FIG. 10 is a schematic diagram of an apparatus used for evaluating the focusing performance of an FAB. The FAB generation device, regarded as an efficient means of microfabrication, was redesigned in this invention. Discharge electrodes and discharge ports were designed so that a plurality of high speed particles 25 emitted from a plurality of beam discharge ports of the FAB source 18 can be focused at a focal point F. The focal point F was chosen to that it was located at a distance L (in mm) below fabrication surface 11 a of target object 11 which is GaAs, and the fabrication surface 11a of the target 11 was heated with an infrared lamp 35. In this experiment, micro-particles having a particle size of several μm were attached to the surface 11a at a distribution density of several particles per 100 μm2.
FIGS. 11A-11C are graphs showing the dependence of the depth of etching d (in μm) on the distance L (in mm) from the surface 11a to the focal point F. The distance L is positive (+) below the surface, and the horizontal axis is the same as in FIG. 9B, and represents the distance x (in mm) from the center C of the energy beam. The depth measurements were made with an electron microscope. FIGS. 11A-11C indicate that the depth of etching becomes larger towards the center C of the beam (x becomes closer to zero). The results indicate that the energy particle density is higher towards the focal point F. It follows that when L=0, a deep hole can be produced at the center of the beam, and as the distance L is increased (by moving the focal point F away from the surface 11a), etching becomes shallow but occurs over a wide area.
The salient features of the present invention presented to this point now will be briefly reviewed.
The findings demonstrated that etching of lines or spots of a diameter less than 1 μm (which are difficult to achieve with conventional technology) can be achieved easily by dispersing and attaching micro-particles of a given diameter on the fabrication surface of a material and processing with an energy beam. The micro-particles can be produced fairly readily over a wide range of particle sizes employable for the present invention. Thus, a relatively wide range of pattern sizes can be produced by the method of the invention. The performance characteristics of the energy beam can be evaluated simply and accurately, as described above, by dispersing and attaching micro-particles and radiating the fabrication surface of a material with a suitable energy beam, and studying the topography of the etched surface by electron microscopy.
Tests have also confirmed that even when the surface roughness of the target object is not suitable for the conventional photolithographic approach, the method of the present invention enables patterns to be produced over a much wider range of sized and depths than are achievable by the conventional photolithographic method, thereby making it possible to evaluate the performance characteristics of any energy beam over a wide range of sizes and patterns.
Energy beam is a general term used to describe a variety of energetic beams employable in the microfabrication method, such as a fast atomic beam, an ion beam, an electron beam, a laser beam, a radiation beam, an atomic or a molecular beam. The characteristics of these various beams are briefly summarized below. A fast atomic beam is a neutral particle beam and is applicable to all types of metals, semiconductors or insulators. An ion beam is particularly effective for metals. An electron beam is useful in localized processing when used in conjunction with reactive gases. A radiation beam is applicable to a variety of fabrication requirements when used alone or with reactive gases to utilize mutual interaction of the gas with the target material. An atomic or molecular beam is based on atomic particles or molecular particles of reactive gases, and is effectively used for providing a low energy beam for low damage fabrication.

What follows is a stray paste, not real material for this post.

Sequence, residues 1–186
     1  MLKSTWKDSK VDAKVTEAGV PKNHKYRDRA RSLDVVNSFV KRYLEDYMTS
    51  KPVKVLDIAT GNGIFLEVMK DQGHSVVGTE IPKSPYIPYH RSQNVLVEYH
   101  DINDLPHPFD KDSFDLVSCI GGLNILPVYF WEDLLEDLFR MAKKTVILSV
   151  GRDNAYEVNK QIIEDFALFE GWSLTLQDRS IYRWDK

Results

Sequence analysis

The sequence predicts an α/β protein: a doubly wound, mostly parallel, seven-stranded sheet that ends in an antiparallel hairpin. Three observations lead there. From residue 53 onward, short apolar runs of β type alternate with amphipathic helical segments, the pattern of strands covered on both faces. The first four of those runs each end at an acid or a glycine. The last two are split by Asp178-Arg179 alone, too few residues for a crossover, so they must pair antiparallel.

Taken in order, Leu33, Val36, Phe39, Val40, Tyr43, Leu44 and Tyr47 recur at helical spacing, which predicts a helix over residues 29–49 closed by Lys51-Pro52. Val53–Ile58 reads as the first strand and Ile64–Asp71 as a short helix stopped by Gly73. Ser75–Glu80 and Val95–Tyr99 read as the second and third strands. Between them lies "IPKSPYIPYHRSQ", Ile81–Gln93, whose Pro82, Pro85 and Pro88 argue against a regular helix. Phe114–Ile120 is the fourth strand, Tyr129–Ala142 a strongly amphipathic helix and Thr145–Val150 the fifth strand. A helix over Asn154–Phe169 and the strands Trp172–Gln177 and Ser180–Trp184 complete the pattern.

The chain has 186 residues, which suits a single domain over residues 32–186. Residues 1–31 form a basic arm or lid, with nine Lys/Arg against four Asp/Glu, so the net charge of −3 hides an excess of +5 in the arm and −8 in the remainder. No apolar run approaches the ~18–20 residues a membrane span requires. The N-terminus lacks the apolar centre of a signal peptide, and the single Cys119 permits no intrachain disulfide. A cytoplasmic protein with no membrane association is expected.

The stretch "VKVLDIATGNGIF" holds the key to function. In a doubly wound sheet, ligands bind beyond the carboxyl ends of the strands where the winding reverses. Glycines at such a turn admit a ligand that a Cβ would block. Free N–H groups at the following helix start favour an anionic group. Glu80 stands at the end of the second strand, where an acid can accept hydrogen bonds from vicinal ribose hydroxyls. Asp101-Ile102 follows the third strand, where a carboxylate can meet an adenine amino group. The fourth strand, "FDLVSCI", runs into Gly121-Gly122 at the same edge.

Next, some examples of fabricating an arrayed structure by the microfabrication method of the invention will be demonstrated with reference to FIGS. 12A-12C through FIG. 14.
FIG. 12A shows a basic approach of the method. Rod-shaped shielding members 80 (for example, of a width ranging from one of 0.1-10 nm, 10-100 nm and 100 nm to 10 μm) are placed on the surface of a target object 11 (substrate base) to shield energy beam B directed from above. There is no need for holding devices for the shielding members 80, and it is sufficient to just position them in a suitable pattern. By choosing the type of energy beam B appropriately, the target object 11 is etched as illustrated in FIG. 12B to form an arrayed structure comprising a series of parallel line protrusions 81.
A suitable energy beam for this type of application is a fast atomic beam comprising uncharged particles having a good directional property. For the target object 11, Si, GaAs have been used, but other semiconductor materials, insulators such as glass, quartz, and metals may also be processed. The shielding member 80 may be made by electrolytic polishing of one of tungsten, gold, silver, platinum and nickel into a fine-wire form (of about 50 82 m diameter). The shielding members 80 may be held in place in a suitable manner on the substrate base.
In place of the material-removal process of etching presented thus far, it is possible to perform a material-addition process, such as forming of a deposition film as illustrated in FIG. 12C, by selecting the beam type and the energy level suitably. Using an energy level in a range of several to hundreds of eV, and gaseous sources such as methane for carbon together with an aluminum- or titanium-containing gas, insulative or conductive films can be deposited on the beam-radiated areas, thereby duplicating the arrangement of the pattern made by the shielding members 80.